The authors then sequenced the shRNAs in these cells and compared the levels of each shRNA between infected and non-infected cell populations. Positive targets were identified as genes whose corresponding shRNAs were under-represented in the infected population, following the logic that inhibiting these genes impairs parasite infection. Among the authors' positive hits were genes encoding the proteins basigin and complement receptor 1 (CR1), which are known to be involved in P. falciparum invasion3,4. More excitingly, they identified the cell-surface protein CD55 as the top-ranked candidate for a new entry portal for P. falciparum.

A key aspect of this discovery is that CD55 is an essential lock in the invasion process: Egan and colleagues show that diverse P. falciparum laboratory strains and field isolates could not infect red blood cells lacking CD55. The parasite uses several lock-and-key combinations to enter red blood cells, to maximize its opportunities for entry5, and this redundancy presents a huge hurdle to the development of vaccines to block blood-stage infection. Therefore, interactions that are essential in the invasion process provide attractive vaccine candidates. The effect of loss of CD55 on parasite invasion is similar to the loss of basigin, whose parasite protein partner PfRh5 is a leading blood-stage vaccine candidate6. Clearly, an outstanding question stemming from this work is the identification of the P. falciparum protein that binds to CD55. If CD55 is a crucial host factor for P. falciparum invasion, the hypothesis would be that the parasite ligand is also an essential factor and thus warrants inclusion in the vaccine-development pipeline.

Egan et al. also show that loss of CD55 on red blood cells affects the proliferation of diverse P. falciparum strains. The authors suggest that CD55 may be involved in the irreversible-commitment phase of parasite invasion. This hypothesis should be further explored using live and high-resolution imaging of merozoites attempting to infect CD55-deficient red blood cells. It will be interesting to determine whether the loss of CD55 affects the establishment of commitment, deformation of the red blood cell surface or signalling for tight-junction formation during the early stages of parasite invasion.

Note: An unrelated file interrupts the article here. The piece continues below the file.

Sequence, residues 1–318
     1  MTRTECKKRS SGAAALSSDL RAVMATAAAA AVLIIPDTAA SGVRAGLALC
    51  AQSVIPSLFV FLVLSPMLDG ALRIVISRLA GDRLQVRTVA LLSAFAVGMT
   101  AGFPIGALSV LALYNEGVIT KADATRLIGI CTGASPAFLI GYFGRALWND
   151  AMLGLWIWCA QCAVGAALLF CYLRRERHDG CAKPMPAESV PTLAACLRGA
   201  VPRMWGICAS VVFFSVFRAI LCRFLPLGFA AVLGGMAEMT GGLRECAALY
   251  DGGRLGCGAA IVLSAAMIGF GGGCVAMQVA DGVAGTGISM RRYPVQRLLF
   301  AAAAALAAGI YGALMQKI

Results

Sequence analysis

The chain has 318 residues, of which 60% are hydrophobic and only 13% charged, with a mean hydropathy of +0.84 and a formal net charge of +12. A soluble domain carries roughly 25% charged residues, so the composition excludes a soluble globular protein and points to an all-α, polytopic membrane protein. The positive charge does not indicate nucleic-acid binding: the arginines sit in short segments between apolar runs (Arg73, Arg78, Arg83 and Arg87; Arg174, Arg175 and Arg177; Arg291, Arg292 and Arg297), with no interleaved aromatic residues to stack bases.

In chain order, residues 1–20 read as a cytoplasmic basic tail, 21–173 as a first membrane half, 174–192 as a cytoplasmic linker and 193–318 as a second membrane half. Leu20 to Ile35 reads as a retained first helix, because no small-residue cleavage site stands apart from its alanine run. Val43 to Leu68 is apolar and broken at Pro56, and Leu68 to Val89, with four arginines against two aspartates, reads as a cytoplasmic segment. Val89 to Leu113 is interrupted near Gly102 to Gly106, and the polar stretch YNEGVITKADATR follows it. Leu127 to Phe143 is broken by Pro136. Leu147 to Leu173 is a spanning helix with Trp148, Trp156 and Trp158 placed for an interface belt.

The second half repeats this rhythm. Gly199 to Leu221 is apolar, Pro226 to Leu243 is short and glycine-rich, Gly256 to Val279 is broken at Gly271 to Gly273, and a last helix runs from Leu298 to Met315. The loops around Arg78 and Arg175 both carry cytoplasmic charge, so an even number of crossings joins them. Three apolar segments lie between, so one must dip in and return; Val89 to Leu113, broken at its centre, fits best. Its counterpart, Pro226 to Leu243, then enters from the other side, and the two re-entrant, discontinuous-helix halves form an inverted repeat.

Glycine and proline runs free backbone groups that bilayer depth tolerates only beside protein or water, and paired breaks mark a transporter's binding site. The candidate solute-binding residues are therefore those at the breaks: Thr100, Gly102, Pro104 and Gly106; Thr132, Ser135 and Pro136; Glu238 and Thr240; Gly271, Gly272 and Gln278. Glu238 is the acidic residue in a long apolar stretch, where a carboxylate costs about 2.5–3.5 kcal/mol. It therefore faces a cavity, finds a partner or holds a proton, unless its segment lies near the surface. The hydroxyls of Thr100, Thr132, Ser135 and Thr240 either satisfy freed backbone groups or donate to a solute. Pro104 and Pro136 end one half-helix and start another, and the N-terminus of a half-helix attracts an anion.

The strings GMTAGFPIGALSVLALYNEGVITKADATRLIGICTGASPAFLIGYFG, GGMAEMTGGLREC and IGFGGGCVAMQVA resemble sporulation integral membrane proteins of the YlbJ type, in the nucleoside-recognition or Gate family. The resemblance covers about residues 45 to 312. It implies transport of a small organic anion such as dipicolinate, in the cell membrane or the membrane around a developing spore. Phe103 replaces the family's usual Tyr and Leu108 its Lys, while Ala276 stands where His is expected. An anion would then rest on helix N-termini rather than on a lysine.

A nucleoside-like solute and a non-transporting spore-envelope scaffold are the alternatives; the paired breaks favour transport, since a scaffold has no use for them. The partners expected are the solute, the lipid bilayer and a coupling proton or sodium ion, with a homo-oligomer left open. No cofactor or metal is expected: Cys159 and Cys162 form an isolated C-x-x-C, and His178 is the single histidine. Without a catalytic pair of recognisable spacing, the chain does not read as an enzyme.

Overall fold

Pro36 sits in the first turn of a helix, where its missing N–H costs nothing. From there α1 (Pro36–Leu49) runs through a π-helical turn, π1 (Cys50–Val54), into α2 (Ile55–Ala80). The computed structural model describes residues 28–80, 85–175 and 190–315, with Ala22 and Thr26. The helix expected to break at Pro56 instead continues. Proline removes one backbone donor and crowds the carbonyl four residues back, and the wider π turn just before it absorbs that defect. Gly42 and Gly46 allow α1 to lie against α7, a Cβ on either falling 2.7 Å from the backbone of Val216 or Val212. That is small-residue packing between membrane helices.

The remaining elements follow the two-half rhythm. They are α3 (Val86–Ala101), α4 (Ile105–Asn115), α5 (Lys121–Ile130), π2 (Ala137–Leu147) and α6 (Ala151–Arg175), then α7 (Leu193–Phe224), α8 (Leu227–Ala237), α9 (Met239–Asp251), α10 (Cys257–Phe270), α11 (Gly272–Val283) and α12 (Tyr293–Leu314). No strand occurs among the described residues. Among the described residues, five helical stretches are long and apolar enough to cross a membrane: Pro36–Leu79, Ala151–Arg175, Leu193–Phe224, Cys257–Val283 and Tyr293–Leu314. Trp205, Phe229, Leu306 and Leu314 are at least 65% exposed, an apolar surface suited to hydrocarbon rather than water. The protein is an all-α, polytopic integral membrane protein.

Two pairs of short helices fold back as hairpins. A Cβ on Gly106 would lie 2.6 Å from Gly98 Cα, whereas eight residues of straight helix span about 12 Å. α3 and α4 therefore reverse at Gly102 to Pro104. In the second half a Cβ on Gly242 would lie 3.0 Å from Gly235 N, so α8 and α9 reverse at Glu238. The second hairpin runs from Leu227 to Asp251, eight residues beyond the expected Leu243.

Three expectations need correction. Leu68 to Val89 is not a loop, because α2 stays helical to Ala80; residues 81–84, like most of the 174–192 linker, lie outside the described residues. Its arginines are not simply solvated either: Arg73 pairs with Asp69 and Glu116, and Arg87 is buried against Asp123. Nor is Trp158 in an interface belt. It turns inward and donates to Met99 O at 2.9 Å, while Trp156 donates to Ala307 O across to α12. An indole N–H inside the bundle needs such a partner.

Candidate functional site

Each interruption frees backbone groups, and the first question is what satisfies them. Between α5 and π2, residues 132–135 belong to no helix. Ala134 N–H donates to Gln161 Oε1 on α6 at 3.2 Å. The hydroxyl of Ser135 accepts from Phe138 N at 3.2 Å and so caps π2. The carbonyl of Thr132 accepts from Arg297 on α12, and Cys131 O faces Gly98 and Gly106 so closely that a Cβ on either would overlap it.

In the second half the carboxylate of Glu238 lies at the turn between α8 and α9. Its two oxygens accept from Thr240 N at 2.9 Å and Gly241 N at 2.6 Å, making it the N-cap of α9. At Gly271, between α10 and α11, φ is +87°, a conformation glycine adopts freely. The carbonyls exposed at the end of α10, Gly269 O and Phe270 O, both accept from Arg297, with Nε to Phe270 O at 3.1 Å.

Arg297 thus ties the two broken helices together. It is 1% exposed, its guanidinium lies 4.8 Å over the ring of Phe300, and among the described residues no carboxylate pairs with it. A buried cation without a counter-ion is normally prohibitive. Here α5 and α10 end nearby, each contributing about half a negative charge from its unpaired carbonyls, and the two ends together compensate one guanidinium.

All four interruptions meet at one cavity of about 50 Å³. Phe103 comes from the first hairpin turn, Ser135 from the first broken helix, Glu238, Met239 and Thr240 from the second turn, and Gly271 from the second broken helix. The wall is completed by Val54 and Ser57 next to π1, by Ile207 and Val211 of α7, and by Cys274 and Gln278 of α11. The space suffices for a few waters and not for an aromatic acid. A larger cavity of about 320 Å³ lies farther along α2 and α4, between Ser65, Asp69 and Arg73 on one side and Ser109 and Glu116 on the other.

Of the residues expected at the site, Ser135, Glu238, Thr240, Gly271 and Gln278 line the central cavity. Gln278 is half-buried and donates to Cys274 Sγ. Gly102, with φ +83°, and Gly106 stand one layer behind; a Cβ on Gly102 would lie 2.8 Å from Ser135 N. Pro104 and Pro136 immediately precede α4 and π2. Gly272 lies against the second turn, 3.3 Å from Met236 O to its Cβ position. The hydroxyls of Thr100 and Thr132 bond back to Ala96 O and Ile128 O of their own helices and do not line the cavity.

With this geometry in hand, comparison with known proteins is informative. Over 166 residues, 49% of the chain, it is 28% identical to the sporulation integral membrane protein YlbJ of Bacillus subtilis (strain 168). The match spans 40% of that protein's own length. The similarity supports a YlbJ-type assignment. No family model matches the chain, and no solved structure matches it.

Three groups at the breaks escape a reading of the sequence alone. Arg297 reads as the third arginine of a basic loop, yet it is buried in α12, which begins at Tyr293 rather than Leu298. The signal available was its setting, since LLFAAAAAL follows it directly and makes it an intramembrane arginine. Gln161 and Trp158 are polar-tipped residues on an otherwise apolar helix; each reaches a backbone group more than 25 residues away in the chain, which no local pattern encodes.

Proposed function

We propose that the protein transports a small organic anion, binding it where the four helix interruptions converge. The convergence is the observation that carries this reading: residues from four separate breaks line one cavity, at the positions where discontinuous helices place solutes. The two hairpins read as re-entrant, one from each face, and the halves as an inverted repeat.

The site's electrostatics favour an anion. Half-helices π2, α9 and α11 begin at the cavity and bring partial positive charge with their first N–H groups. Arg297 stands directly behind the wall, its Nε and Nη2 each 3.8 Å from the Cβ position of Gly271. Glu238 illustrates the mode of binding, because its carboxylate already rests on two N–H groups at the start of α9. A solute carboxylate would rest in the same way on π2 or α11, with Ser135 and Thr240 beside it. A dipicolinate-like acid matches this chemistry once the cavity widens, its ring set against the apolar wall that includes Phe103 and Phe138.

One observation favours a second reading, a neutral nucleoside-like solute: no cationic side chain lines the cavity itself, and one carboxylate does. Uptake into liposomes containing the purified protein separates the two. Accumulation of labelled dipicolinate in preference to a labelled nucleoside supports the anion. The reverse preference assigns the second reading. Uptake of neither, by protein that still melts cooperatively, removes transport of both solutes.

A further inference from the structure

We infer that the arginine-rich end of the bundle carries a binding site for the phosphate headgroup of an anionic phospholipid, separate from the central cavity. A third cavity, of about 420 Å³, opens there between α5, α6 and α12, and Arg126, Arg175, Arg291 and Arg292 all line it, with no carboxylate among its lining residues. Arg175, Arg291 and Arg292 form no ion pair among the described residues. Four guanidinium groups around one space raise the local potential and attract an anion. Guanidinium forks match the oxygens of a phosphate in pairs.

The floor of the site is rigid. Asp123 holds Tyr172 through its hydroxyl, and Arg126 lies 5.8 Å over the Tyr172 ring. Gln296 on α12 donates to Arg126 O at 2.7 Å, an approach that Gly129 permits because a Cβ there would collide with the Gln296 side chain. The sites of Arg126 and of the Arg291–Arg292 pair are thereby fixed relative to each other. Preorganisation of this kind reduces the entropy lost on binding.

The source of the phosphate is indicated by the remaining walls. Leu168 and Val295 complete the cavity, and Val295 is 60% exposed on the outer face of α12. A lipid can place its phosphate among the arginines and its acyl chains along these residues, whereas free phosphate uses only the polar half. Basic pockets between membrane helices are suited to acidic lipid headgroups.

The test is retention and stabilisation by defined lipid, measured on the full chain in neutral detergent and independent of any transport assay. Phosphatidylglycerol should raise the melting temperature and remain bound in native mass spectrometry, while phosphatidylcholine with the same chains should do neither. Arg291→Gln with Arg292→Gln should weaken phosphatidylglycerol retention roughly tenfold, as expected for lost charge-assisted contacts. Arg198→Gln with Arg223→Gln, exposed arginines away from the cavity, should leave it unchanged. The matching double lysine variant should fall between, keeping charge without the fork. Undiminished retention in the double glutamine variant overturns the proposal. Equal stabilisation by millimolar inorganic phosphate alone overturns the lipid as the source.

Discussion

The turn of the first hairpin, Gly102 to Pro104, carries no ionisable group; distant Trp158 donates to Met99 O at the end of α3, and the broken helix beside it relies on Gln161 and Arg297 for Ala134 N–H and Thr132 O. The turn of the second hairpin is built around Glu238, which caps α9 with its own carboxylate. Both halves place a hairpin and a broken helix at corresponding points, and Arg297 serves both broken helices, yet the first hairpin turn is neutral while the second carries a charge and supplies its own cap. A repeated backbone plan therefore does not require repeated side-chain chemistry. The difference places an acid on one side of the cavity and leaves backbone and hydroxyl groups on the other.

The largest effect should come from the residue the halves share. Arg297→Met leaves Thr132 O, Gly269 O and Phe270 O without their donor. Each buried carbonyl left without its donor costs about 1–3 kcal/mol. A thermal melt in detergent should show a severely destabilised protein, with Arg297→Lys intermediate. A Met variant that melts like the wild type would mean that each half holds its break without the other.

Could CD55 be a therapeutic target for malaria infections? Although some healthy humans exist without CD55 on their blood cells, important caveats arise for individuals living in malarious regions. Field studies show a correlation between declining CD55 levels on red blood cells and severe malarial anaemia, potentially due to the destruction of red blood cells by the complement system7, an arm of the immune system that is regulated by CD55. An alternative avenue could be to explore the potential of soluble CD55 as a competitor to red blood cell CD55 for merozoite binding, and thus an inhibitor of parasite growth.

An emerging theme in P. falciparum invasion is that the parasite exploits complement regulators as entry receptors. In humans, CR1 and CD55 protect self-tissues from complement attack. A variable currently missing from experimental work monitoring P. falciparum invasion is the addition of active complement-system components during parasite entry. For example, complement activation is known to modulate the behaviour of both CD55 and CR1 on membranes, resulting in changes in red blood cell deformability that may affect merozoite entry8,9. Binding of parasite ligands to these receptors may interfere with their regulatory roles (as is the case with CR1), and the consequences of this for red blood cell survival during infection need to be understood. Current research has led to a remarkable deconstruction of the distinct steps in P. falciparum invasion10, but future challenges will be to understand merozoite entry in the context of complement activation and immune attack.Footnote 1